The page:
The School of Medicine’s spring Art Show is now accepting submissions of artwork (paintings, sculpture, photography and more). Submissions are due by Jan. 12. The show will be held Jan. 16-Feb. 9 at the Farrell Learning and Teaching Center.
The Memory & Aging Project (MAP) is an ongoing research study at Washington University. Researchers are looking at the memory and thinking changes that occur as people age. Both healthy individuals and those with memory loss are sought to take part in tests that measure memory and thinking.
Radiation therapy often is used to treat cancer patients. Now, School of Medicine doctors have shown that radiation therapy — aimed directly at the heart — can be used to treat patients with a life-threatening heart rhythm.
The School of Medicine’s Jeffrey I. Gordon, MD, has received the Sanofi-Institut Pasteur International Award for his role in founding and leading the field of gut microbiome research. The award recognizes scientists who have made outstanding contributions to biomedical research in fields that profoundly affect global public health.
When trying to help children lose weight, involving a parent in the treatment makes the entire family healthier, researchers at the School of Medicine have shown.
Nick Fisher, an administration expert who has 14 years of experience with academic clinical research and cancer center operations, has been named executive director of research and business administration at Siteman Cancer Center at Barnes-Jewish Hospital and Washington University School of Medicine.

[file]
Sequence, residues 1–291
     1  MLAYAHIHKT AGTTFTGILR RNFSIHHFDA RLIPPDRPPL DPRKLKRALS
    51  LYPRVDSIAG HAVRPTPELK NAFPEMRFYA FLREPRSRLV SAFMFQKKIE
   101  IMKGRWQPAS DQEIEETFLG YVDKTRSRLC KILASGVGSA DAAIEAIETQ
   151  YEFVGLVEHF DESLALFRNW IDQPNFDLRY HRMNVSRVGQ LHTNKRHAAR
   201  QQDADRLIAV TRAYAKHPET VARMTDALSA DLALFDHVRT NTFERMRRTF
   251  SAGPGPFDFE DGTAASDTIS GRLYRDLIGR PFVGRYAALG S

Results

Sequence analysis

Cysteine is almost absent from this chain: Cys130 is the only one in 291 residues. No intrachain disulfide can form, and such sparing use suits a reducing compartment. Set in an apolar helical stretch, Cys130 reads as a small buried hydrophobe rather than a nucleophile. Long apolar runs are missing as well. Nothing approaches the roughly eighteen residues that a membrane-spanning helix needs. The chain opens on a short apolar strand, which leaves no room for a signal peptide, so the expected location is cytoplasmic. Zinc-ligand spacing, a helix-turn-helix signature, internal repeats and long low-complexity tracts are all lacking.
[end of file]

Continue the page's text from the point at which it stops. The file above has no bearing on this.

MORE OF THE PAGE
Researchers at Washington University in St. Louis have received a $3.9 million grant from the Department of Energy (DOE) to develop bacteria that manufacture renewable biofuels — energy sources made from plants or microbes.
Research led by the School of Medicine has prompted the World Health Organization (WHO) to issue new treatment guidelines aimed at accelerating global elimination of lymphatic filariasis – a devastating tropical disease.
School of Medicine researchers have linked kidney disease to a higher risk of diabetes. They found that the likely cause is elevated urea levels.
Washington University faculty members Glenn C. Conroy and Kelle H. Moley, MD, along with businessman and philanthropist Jeffrey T. Fort, recently were honored with 2017 2nd Century Awards.